I received some insightful and referenced comments from the dramaturgs on the LMDA listserv concerning the use of the N-word on stage and the struggle of our current production to present it. But interesting how even within the context of a discussion of the word itself, there seems to be a taboo against typing the full six-lettered word nigger onto the digital page, as if not only any utterance, but also any “publication” of the word would easily transcend the intent of the writer.
One dramaturg references a scholarly study, Randall Kennedy’s Nigger: The Strange Career of a Troublesome Word, abstracting a quote that highlights the power of the word and points to why it’s an apt candidate for presentation and study through theatre or other modes of public discourse.
To be ignorant of its meanings and effects is to make oneself vulnerable to all manner of perils, including the loss of a job, a reputation, a friend, even one’s life.
I recently read a related short but insightful blog post referencing an e-mail exchange between cultural critic Greil Marcus and art journalist John Rockwell that provides additional insight to a zeitgeist that seems centered on the parsing of words.
Months back Hillary Clinton (or was it Bill, or another primary candidate?) attacked Barack Obama as a mere purveyor of words. Obama (borrowing, it turned out, from his friend Deval Patrick, governor of Massachusetts) responded that words do count, words mean something important. Without too great a stretch, I want to extrapolate that idea to arts journalism, and the need for same.
Recently I had an e-mail exchange with Greil Marcus, who was editing an entry on “Porgy and Bess” that I had written for a Harvard anthology. The last issue to be considered between us was whether in one sentence “African-Americans” or “blacks” worked better.
I finally decided I didn’t much care, ending with “Let’s move on to curing cancer, solving world peace, electing Obama and like that.” Greil replied: “Don’t you realize that the right choice between “blacks” and “African-Americans, whatever it is, is the SAME THING as curing cancer, solving world peace, and electing Obama? Where’s your sense of proportion?”
Point taken. Words do matter. Even the words, the futile scribblings, of arts critics. Take away words, take away critical commentary on the arts, and the arts lose something crucial to their creation and, especially, their reception. So think of that the next time you set out to solve world peace, arrogantly indifferent to mere words, or the arts.
One reply on “Staging the N-word”
So, Nick wanted me to add some of my comments from an email I sent on the dramaturgy list. And I did notice how I was unable to type the N-word…and after reading the email pasted below, you’ll get my personal reasons why I have an ingrained aversion to the very construction of those letters strung together.
(Note: I reference an email from someone on the list named Lila who was discussing use of the N-word as a “Method” actor, but had been caught up in the issue of the word and forgot that this was a Brechtian process.):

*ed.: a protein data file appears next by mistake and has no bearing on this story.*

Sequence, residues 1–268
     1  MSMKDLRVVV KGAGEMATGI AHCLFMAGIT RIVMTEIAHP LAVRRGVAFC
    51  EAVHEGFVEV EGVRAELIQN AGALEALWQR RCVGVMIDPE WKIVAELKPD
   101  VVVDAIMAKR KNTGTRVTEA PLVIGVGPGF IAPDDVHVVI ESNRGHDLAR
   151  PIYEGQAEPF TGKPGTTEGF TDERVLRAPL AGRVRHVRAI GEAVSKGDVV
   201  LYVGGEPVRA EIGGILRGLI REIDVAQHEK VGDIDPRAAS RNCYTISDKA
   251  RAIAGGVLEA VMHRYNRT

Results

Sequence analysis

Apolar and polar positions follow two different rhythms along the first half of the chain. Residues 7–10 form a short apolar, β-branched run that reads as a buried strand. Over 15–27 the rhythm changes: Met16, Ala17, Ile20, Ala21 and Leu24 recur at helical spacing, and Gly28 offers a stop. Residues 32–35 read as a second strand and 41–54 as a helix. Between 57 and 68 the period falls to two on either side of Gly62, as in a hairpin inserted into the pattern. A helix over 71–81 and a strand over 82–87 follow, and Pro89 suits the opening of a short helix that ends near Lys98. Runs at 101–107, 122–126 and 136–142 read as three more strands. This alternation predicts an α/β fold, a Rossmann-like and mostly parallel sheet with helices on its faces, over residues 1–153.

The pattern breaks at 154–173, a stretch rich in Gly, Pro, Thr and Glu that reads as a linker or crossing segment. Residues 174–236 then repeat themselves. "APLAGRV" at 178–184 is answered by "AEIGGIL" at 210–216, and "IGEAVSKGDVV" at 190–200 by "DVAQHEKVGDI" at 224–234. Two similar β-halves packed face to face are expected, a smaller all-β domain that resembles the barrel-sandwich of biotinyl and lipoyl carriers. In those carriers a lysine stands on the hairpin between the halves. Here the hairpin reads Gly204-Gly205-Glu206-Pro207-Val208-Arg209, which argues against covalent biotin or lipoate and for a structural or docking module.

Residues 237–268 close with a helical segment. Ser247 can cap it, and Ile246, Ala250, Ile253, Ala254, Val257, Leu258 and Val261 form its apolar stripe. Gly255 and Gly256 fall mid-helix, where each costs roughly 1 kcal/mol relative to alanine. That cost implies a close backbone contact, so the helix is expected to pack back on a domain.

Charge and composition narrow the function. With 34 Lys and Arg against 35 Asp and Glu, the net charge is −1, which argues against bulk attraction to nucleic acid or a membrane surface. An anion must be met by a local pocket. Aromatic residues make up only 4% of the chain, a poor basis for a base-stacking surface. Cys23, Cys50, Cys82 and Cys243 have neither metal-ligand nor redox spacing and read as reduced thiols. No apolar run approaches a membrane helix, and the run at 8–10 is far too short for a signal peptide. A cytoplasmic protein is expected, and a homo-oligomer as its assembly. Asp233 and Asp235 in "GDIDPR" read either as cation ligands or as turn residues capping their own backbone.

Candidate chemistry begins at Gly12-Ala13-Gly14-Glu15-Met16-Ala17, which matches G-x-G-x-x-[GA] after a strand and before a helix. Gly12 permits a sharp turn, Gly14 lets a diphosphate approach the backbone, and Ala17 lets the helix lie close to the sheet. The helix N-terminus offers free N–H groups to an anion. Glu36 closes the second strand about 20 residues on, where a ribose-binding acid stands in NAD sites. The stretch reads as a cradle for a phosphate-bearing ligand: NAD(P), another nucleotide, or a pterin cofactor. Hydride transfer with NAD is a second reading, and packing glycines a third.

The quotes around the N-word are akin to the gestus, obviously. Those quotes are half of the instantaneous dialectical moment.
(Nick): “… even within the safe haven of “it’s the
character saying it, not me”, Roger as actor has been struggling to spit it out in some “natural” way.”
I have a question about the “safe haven of ‘it’s the character saying it, not me’” because half of the gestus is Roger’s entire emotional/sociopolitical response resulting in an attitude…obviously because, from what I understand of Brechtian acting, there isn’t a safe
haven except if the actor truly expresses his attitude towards the word — unless, of course, he is a racist in a roomful of intensely non-racist individuals…and his gestic quotes are colored by an attitude of racism.
But only knowing that this is a case of an actor struggling with delivery of an extremely loaded word within a Brechtian context, coming from Austria to
the U.S., I can only comment on that aspect. That part of the gestic moment would then be made up of Roger’s struggle, all of his emotional reactions faced, explored, and inventoried and then delivered forth in a natural way. So I am joining you in your statements below in response to Lila. That uncomfortable breath, pause, squirming…whatever Roger might feel…that I
would definitely recommend.
But the question still remains: you say that “the whole of the production would need to struggle with” the N-word out of the safe “box of naturalism”. I ask you: what’s going on at that moment? I think it’s a powerful
linguistic tool, violent as it is. What monad of everydayness is being struck at in that moment? I’m curious.
Because…it’s a word filled with hate for me. At 5, I asked my father what the word meant and the gentle man who never struck me had me across the room with a backhanded slap before I could finish my sentence. When I asked him what “fuck” meant, he smirked and said, “I’ll tell you when you get older. Just don’t say it in front of your mother.” But the N-word: I’d love to
know how it serves the play. Heck, I’d love to read the play. [Note: I have just been given a link to the play and will comment after I read it.]
So I guess if I were playing Roger’s part as a Brechtian actor, I’d flinch, cower, look down, guard as if I’m about to be struck… I actually have a hard time physically saying it… Interesting, huh?
I shall add more after I read the play. This is an exciting project all around and am very intrigued to learn more about this process.